EPA will not rework a Trump-era rule aimed at regulating carbon pollution from airplanes, the agency announced last night.
The decision leaves in place a rule that critics say will not ultimately reduce greenhouse gas emissions from aircraft. EPA said instead of issuing a new rule, the Biden administration will press for new international standards at the upcoming U.N. International Civil Aviation Organization summit, among other efforts.
“EPA also recognizes that we have Clean Air Act authority independent of the standards to be negotiated at ICAO to set emissions standards for commercial aircraft,” the agency said in a statement yesterday.
Shortly after his inauguration, President Biden directed EPA to review the rule that was finalized in the last days of former President Trump’s term. The rule faces legal challenges from 11 states, the District of Columbia, and a handful of environmental groups that say the standard lacks teeth.
Liz Jones, an attorney for the Center for Biological Diversity, one of the groups that sued over the rule, said the move highlights the Biden administration’s “climate hypocrisy.”
“White House officials had barely deplaned from their trip to the U.N. climate conference before the administration announced it won’t do anything to cut airplanes’ greenhouse pollution,” Jones said in a statement.
“After being directed to review the useless Trump rule as part of a strategy to confront the climate crisis, the EPA twiddled its thumbs for nine months before deciding it would rather defend a do-nothing rule than set any meaningful limits on aircraft emissions.”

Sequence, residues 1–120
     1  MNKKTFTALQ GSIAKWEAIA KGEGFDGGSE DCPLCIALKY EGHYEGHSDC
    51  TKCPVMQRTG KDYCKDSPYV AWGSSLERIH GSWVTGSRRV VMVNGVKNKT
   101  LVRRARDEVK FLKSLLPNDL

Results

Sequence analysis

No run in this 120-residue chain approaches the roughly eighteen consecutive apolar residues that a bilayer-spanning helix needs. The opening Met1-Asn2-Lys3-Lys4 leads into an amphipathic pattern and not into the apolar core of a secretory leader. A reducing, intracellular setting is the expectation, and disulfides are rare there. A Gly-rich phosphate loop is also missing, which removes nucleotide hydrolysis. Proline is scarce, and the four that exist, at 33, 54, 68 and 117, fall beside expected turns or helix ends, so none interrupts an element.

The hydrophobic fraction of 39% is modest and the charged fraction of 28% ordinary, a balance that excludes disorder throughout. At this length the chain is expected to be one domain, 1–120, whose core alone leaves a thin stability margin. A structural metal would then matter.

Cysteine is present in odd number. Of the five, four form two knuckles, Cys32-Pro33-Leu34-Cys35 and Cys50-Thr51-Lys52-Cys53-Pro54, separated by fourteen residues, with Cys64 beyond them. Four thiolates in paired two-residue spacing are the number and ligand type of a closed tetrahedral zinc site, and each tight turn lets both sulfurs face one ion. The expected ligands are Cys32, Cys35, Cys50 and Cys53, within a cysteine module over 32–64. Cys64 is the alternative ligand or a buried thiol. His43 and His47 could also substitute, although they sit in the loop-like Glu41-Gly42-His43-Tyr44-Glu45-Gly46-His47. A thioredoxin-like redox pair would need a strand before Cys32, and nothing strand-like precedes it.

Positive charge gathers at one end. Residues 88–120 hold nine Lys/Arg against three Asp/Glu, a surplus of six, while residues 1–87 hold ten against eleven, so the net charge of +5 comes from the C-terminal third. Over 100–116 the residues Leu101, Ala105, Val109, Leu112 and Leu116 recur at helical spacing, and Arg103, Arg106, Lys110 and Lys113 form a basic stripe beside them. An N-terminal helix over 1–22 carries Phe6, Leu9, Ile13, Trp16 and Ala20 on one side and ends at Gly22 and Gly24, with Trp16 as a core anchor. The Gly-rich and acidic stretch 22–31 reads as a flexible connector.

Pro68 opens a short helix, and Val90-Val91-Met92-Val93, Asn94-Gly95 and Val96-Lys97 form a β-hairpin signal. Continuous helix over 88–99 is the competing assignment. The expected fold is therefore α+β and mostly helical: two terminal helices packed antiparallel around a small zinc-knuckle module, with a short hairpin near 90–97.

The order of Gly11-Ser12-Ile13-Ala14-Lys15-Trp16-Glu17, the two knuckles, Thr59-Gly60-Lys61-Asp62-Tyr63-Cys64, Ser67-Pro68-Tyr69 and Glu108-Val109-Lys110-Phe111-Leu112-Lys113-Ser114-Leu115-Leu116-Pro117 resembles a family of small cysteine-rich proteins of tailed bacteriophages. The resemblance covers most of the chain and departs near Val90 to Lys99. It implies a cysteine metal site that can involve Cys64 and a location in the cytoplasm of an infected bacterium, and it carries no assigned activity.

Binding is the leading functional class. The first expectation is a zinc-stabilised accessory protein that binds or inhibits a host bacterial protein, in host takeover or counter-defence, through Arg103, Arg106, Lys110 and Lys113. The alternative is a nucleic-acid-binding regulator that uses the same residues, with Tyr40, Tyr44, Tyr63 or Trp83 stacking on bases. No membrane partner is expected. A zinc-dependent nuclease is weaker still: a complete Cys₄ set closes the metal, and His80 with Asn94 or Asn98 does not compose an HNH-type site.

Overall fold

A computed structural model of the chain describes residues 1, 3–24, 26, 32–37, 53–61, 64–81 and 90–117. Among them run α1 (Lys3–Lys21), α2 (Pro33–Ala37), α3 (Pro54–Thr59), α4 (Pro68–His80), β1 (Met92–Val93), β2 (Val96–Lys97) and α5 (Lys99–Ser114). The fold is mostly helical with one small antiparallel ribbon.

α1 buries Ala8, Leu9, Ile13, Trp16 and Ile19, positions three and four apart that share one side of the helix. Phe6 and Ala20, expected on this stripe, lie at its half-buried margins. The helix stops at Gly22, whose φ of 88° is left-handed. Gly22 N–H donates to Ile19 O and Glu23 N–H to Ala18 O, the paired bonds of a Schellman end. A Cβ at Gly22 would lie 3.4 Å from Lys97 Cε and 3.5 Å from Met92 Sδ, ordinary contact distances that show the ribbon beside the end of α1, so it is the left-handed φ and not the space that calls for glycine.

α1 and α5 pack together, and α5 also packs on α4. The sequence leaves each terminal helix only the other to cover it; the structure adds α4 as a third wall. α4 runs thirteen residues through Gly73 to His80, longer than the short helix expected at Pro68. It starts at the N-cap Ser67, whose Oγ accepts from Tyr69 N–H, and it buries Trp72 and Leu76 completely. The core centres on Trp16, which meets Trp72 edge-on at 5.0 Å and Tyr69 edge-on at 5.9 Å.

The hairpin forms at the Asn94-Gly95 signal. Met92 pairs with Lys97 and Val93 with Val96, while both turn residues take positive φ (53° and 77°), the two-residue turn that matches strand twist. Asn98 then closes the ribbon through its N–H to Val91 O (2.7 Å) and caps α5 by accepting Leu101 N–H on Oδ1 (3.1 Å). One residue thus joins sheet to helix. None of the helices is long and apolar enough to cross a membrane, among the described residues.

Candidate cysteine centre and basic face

Commercial aviation accounts for about 2 percent of global greenhouse gas emissions and 12 percent from the transportation sector, the fastest-growing source of heat-trapping pollution. Airplane emissions are expected to triple by midcentury, according to the International Council on Clean Transportation.
EPA’s aircraft rule, which was finalized in December 2020, put in place standards adopted by the ICAO in 2016, which critics say are technologically outdated. Planes today operate at least 6 percent more efficiently than the standard requires in 2028, the ICCT estimates.
“The technical means to curb aviation emissions are available, affordable and in use today,” said Joanne Spalding, chief climate counsel for the Sierra Club, which also participated in the lawsuit. “The world cannot afford to give the airlines this blank check to continue its pollution while the climate crisis wreaks havoc on us all.”
EPA said the Biden administration has several other avenues to tackle planet-warming emissions from airplanes, pointing to the administration’s efforts to boost sustainable aviation fuel and the new U.S. Aviation Climate Action Plan, released at the international climate conference in Glasgow, Scotland (Greenwire, Nov. 10).